McCormick’s valuation multiple has expanded considerably in recent years, as the company has turned in strong earnings growth. Still, the stock appears to be significantly overvalued. If the stock reverted to our target P/E by 2026, then valuation would be a -6.6% headwind to annual returns over this time period.

Fortunately, shareholder returns will be derived from expected earnings growth and dividends. If the economy stays out of recession, the company should easily manage at least 8% earnings growth going forward. The company’s strong brand and multiple catalysts for future growth should add up to higher growth as well.

A potential breakdown of expected returns is below:

In all, we feel investors can expect total annual returns of just 3% through 2026. The high valuation is putting a lid on our expected total return. Since we have such a low expected rate of return for McCormick, we currently rate the stock a sell.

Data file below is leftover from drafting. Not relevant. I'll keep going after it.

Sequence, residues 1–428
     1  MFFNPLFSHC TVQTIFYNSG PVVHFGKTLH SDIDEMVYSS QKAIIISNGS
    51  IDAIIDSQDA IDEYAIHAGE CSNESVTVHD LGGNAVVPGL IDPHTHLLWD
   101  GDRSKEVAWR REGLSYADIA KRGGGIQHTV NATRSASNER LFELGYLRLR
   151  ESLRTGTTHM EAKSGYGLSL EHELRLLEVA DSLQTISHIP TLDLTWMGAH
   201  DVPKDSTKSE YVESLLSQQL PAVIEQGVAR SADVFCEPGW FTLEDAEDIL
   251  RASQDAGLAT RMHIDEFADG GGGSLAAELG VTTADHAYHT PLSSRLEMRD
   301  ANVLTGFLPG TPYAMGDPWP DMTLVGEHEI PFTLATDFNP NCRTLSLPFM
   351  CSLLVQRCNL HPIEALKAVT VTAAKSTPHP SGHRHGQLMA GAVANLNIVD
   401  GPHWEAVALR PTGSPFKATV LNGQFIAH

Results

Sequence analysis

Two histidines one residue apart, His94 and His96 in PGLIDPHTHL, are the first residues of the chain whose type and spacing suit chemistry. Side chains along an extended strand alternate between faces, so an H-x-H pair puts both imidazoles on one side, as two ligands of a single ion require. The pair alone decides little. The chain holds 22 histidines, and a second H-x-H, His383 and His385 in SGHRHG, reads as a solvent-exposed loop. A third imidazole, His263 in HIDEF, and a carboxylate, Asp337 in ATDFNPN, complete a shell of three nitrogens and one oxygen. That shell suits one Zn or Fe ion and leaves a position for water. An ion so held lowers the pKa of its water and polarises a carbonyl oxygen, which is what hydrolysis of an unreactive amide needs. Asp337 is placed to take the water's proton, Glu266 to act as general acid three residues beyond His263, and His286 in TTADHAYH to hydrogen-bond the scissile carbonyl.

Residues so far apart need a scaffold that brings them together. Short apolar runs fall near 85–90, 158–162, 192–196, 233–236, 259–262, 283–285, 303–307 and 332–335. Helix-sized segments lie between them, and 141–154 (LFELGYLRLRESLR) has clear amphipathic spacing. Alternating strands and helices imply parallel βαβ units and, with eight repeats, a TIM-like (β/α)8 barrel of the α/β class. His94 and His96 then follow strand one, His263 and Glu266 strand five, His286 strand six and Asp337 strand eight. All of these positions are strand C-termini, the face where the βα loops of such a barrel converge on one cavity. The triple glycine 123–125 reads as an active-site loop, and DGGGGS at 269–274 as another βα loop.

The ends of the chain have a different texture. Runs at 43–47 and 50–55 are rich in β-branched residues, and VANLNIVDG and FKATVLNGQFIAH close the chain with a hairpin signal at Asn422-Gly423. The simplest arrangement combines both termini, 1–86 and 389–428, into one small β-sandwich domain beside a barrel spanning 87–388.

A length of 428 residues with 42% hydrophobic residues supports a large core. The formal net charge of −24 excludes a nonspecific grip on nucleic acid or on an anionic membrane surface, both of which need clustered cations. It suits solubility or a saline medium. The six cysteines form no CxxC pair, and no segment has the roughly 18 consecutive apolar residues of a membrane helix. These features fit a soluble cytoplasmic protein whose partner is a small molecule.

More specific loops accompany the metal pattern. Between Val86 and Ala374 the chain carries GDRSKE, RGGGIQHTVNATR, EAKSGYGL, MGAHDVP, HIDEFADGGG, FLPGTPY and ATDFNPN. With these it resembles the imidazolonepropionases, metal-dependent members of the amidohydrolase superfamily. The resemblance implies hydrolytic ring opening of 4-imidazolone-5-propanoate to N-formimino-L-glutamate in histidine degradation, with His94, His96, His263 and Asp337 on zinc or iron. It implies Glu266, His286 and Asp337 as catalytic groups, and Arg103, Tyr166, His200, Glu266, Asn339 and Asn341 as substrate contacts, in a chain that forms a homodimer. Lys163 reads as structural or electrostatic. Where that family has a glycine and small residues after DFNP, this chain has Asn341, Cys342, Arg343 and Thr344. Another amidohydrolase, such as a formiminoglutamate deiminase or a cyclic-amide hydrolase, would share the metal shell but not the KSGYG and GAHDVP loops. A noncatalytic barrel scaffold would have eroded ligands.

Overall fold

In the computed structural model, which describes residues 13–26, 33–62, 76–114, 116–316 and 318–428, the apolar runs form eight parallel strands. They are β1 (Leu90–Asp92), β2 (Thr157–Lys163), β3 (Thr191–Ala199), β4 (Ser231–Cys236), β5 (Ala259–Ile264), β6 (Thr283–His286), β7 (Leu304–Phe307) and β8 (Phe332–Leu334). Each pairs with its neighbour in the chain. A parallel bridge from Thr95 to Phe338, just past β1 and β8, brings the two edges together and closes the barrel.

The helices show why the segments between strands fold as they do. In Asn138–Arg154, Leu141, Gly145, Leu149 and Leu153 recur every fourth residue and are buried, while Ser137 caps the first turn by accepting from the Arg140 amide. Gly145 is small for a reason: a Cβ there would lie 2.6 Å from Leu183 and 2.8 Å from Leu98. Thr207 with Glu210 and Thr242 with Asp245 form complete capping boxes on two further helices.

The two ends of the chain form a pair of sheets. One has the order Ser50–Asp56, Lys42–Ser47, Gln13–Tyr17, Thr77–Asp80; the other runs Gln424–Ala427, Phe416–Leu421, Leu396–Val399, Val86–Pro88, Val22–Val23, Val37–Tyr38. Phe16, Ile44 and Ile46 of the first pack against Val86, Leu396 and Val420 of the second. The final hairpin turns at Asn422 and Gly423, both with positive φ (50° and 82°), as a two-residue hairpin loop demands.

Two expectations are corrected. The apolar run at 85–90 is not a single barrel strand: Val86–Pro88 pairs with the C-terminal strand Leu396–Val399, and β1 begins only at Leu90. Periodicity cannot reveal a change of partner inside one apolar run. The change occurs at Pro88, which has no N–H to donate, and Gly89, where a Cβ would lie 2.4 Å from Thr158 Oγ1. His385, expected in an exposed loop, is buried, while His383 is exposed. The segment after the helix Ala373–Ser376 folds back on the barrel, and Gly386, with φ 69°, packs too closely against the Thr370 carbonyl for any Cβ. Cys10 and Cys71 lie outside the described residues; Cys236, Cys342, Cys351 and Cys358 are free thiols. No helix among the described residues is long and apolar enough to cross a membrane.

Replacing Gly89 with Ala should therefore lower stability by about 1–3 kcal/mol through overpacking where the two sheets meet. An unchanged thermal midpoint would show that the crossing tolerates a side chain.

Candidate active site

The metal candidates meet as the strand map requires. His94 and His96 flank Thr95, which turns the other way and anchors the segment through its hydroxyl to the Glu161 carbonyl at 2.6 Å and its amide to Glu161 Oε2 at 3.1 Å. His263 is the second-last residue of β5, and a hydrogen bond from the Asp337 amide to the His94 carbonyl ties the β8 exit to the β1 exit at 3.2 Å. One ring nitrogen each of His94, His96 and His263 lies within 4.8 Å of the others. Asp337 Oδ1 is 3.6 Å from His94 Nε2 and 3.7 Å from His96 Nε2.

That said, McCormick is a high-growth dividend stock. The company has increased its dividend by ~9% per year over the past 10 years. It recently increased its quarterly dividend by ~10% in November 2020, even with the coronavirus pandemic weighing heavily on the U.S. economy.

McCormick has a healthy dividend payout ratio of 46%, based on expected fiscal 2021 adjusted earnings-per-share. This means McCormick should continue its annual dividend increases for many years to come.

Final Thoughts

McCormick dominates the spices and seasonings category. Its strong brands provide the company with high profit margins and growth opportunities, both in the U.S. and the international markets.

Income investors may be turned off by McCormick’s 1.5% dividend yield. However, McCormick has a very strong dividend growth history. It should be able to lift the dividend each year, at a high single digit annual rate.

That being said, the stock is not a buy right now. It has a premium valuation multiple, and while it could be argued that a high-quality company such as McCormick deserves a higher stock valuation, we have a low expected rate of return.

That said, we would be buyers of McCormick on a meaningful pullback in the share price, which would result in a lower valuation and a higher dividend yield.